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Downvalley management

Scott N. Miller/Special to the Daily
Enterprise/ Melinda Kruse
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There was no Eagle Ranch, Eby Creek Mesa or Terrace subdivisions. The idea of a stoplight in town was absurd, and roundabouts… well, what’s a roundabout? Nearly 20 years later, a lot has changed, in Eagle and the world, but Powell remains Eagle’s Town Manager.

Being in any job for nearly 20 years is an accomplishment and in the world of government it’s almost unheard of. Sam Mamet, director of the Colorado Municipal League, estimated that town and city managers last, on average, three or four years in their jobs. The national average is five years.

When Powell was first hired, he and the town both wanted a change. The town had gone through a handful of managers over the past decade and the town board was looking for a local for the job, thinking that might bring some stability to the post. Powell, who came to Colorado in 1975 and moved to Eagle in 1979, was ready to give up his construction business in the face of a tough economic climate. Not long after he was hired, the town began planning a project to build sidewalks, curbs and gutters up Third Street from downtown to the then-new schools.



The project was completed, but not without argument. The plan raised some hackles among longtime residents, who questioned the project’s necessity and cost.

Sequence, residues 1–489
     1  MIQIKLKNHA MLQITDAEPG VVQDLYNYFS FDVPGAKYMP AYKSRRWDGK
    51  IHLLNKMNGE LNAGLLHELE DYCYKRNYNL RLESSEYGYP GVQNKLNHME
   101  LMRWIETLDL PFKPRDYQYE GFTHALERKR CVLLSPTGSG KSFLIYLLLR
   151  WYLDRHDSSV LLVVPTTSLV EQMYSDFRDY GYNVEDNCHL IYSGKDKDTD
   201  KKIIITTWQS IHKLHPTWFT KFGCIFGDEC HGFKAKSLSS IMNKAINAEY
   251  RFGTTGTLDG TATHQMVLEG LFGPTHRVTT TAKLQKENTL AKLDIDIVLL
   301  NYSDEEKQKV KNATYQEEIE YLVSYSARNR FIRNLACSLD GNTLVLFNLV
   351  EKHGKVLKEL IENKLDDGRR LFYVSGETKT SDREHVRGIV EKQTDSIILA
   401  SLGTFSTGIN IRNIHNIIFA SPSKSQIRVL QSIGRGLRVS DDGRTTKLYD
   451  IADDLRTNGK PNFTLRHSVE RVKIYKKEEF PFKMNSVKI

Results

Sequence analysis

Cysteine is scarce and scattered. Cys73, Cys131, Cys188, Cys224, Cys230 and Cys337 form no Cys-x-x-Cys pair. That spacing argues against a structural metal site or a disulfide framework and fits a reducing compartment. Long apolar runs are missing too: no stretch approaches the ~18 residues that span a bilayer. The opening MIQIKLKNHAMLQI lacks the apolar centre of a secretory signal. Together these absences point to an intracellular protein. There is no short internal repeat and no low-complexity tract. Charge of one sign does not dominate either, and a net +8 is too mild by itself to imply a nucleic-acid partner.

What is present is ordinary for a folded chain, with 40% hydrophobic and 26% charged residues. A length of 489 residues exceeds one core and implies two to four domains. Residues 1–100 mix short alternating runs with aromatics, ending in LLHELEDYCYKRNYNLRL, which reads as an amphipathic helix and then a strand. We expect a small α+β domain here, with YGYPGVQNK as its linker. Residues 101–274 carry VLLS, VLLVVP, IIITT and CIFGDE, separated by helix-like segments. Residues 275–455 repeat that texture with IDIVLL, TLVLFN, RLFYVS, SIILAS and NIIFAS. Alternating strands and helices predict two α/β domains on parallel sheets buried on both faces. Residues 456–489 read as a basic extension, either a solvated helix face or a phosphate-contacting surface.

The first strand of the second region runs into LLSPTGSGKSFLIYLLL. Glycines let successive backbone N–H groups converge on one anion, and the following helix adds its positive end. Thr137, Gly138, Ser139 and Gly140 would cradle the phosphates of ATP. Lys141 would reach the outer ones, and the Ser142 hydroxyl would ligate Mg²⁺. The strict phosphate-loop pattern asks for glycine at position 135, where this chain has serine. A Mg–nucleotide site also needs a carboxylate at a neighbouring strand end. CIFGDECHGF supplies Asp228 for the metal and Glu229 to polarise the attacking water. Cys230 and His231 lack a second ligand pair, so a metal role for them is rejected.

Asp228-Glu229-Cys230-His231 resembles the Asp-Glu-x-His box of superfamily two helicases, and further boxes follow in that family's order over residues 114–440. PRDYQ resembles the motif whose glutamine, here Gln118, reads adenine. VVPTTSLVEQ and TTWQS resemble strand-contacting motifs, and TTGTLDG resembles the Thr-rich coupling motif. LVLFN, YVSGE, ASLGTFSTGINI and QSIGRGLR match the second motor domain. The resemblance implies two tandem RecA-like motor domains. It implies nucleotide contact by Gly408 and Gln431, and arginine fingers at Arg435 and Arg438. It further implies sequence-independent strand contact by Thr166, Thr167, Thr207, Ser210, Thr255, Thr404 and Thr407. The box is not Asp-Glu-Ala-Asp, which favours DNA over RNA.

“We were trying to get business and growth to come in those days,” recalled Sonya Beasley, who worked for Powell as town secretary, then was one of his bosses as a town board member. “Then we had to figure out how to control it.”



The boom

The housing market caught fire in Eagle in the early to mid-1990s. With more residents came more businesses, most significantly City Market. The town’s fund balances grew, but so did the demands on those funds. The changing times are part of what Powell said has kept him interested and motivated.

After the boom, times have changed again. Town revenues are flat, growth has slowed, and the large development plans have stopped coming, at least for now. That presents a new set of challenges.



“I think we’re looking more at community services, at the interface between people in town and the town government,” said Eagle Town Board Member Paul Witt. “I think (Powell) will do a very good job at that, too.”

Beasley, who continues to work with Powell on Flight Days and other projects, said “He’s just wonderful to work with.”

Not everyone agrees, of course, and, like anyone who holds a job for a long time, Powell has his critics. Local businessman Jerry Butters has been a critic of town policy, and, by extension, Powell’s execution of it, for some time. Butters said the town board and Powell have been around too long.

“We need to get fresh blood, fresh viewpoints into town hall,” he said.

Gypsum daze

Ten years ago, Jeff Shroll had to wonder about his new job. Just before he started work as Gypsum’s new town manager in 1994, Shroll was invited to attend the town’s annual Christmas party. There, he met an employee who asked, “So, is your dad the new town manager?”